The California Historical Society, kicks off its new exhbit on the exact 50th anniversary of one of the most celebrated events of the 1960s counterculture: The Trips Festival.
Associate Professor of Architecture Greg Castillo joins a panel to discuss the signficance of the Trips Festival and its signifcance on San Francisco’s mid-1960s counterculture movement and the emerging personal computer era. The Trips Festival is considered a watershed event in the history of San Francisco’s underground arts scene, the launch of the psychedelic 1960s era, and a pivotal event in the growth of the region’s technology industry.
Greg Castillo has investigated the Bay Area’s counterculture design legacy through a U.C. Berkeley Arts Research Center Fellowship (2014) and an Associate Professor Fellowship from the Townsend Center for the Humanities. His research informed a 2014 exhibition, Design Radicals: Creativity and Protest in Wurster Hall, reviewing “outlaw design” enterprises undertaken by faculty and students in the late-1960s and early-1970s at U.C. Berkeley. For the catalogue of the Walker Art Center exhibition on counterculture design,Hippie Modernism: The Struggle for Utopia, Castillo contributed the essay “Counterculture Terroir: California’s Hippie Enterprise Zone” and delivered a public lecture at the exhibition’s opening symposium.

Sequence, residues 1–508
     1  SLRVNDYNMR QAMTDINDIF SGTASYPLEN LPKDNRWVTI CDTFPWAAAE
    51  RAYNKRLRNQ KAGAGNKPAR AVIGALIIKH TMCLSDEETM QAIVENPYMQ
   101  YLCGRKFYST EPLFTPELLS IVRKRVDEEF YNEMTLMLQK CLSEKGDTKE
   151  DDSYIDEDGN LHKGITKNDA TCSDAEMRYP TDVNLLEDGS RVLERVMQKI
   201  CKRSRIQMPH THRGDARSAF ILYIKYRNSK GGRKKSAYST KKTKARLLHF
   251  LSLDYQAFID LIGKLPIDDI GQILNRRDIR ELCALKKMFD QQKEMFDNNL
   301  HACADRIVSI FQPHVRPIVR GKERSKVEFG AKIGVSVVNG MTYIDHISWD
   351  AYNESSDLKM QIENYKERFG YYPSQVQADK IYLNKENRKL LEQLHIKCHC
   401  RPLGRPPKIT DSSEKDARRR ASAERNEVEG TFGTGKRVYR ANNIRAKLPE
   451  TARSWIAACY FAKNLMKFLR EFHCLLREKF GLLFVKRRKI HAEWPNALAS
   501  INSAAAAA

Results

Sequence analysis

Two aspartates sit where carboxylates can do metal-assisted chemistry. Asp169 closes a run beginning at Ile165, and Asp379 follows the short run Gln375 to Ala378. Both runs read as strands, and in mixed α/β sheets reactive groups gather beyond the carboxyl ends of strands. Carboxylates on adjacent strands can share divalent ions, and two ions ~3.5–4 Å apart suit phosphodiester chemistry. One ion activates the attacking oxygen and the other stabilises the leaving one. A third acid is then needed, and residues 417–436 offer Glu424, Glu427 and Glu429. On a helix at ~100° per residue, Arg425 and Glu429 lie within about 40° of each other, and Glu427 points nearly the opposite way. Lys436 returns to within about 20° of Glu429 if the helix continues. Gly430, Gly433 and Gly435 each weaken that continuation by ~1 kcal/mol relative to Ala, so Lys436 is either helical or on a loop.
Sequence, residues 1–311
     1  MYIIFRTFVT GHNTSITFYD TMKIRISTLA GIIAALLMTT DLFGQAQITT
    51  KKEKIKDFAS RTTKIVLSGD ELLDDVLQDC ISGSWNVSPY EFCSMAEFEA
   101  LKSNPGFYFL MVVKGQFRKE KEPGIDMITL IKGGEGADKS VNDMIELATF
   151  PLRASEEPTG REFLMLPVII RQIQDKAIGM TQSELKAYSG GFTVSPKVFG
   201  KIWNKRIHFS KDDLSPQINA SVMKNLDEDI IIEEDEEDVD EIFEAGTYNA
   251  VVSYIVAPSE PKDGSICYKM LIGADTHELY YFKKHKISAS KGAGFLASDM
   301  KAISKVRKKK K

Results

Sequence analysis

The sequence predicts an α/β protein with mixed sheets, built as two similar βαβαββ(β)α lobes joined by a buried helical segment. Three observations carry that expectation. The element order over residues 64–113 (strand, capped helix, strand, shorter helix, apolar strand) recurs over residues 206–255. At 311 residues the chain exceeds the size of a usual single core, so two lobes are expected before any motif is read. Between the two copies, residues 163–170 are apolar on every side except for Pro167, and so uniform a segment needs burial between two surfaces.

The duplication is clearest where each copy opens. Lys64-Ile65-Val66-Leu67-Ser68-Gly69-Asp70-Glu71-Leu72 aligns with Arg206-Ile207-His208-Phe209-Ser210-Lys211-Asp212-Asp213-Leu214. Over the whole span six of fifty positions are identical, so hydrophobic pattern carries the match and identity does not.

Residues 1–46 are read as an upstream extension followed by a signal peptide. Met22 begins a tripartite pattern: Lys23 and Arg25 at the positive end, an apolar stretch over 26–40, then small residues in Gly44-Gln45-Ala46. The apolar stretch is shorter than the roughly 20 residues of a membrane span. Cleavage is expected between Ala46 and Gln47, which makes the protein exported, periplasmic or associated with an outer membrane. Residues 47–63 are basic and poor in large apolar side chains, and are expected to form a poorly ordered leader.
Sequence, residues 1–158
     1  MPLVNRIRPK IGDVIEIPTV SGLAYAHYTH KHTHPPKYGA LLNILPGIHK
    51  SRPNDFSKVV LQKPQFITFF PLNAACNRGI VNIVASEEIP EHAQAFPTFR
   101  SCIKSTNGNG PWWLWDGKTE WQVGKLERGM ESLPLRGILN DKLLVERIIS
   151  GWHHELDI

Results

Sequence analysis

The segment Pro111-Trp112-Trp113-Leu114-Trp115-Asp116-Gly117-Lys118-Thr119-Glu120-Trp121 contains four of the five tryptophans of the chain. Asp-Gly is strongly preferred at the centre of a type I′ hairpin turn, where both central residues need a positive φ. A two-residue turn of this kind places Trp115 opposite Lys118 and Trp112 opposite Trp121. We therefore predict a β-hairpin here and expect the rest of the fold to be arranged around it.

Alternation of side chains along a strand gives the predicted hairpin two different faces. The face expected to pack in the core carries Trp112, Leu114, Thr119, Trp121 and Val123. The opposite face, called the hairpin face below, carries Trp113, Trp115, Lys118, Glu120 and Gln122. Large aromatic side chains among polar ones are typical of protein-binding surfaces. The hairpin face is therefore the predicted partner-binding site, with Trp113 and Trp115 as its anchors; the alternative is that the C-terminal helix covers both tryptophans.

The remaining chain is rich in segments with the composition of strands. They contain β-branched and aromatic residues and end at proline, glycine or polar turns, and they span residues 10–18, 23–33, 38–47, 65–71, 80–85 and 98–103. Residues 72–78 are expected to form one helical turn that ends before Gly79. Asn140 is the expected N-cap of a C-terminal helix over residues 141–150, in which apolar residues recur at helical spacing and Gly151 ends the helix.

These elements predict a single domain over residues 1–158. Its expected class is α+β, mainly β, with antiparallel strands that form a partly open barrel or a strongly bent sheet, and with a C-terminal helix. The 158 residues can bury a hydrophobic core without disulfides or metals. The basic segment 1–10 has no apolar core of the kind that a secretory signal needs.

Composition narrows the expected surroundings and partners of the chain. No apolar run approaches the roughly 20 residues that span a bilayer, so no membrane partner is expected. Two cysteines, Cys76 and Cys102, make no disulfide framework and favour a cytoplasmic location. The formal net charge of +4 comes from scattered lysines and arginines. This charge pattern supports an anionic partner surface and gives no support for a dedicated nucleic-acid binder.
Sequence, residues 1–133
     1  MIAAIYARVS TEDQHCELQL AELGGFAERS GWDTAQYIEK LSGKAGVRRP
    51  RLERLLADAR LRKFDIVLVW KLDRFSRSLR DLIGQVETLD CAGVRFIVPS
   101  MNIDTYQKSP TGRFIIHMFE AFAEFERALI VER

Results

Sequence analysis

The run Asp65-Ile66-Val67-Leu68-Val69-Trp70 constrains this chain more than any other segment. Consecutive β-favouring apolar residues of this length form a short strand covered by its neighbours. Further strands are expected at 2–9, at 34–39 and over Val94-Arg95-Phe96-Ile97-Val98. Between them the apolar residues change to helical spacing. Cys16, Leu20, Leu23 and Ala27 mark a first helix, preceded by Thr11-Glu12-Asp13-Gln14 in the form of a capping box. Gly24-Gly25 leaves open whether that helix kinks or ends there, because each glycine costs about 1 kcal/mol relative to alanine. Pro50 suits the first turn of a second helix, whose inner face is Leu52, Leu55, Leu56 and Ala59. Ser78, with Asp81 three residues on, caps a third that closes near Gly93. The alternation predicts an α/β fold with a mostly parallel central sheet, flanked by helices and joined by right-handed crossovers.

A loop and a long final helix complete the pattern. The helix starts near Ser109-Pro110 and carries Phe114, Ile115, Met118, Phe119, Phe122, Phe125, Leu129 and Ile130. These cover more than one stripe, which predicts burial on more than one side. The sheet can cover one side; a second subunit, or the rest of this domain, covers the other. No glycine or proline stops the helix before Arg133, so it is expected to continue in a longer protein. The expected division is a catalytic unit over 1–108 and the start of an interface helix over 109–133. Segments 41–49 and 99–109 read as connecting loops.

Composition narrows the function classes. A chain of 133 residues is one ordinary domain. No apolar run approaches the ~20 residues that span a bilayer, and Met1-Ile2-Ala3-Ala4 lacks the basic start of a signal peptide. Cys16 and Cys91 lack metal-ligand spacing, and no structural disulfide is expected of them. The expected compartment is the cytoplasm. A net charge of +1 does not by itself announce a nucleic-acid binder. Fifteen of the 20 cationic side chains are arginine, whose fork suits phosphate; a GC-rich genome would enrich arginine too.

Castillo will serve as Guest Curator for the expanded Hippie Modernism exhibition when it travels to the Berkeley Art Museum/Pacific Film Archive in February 2017.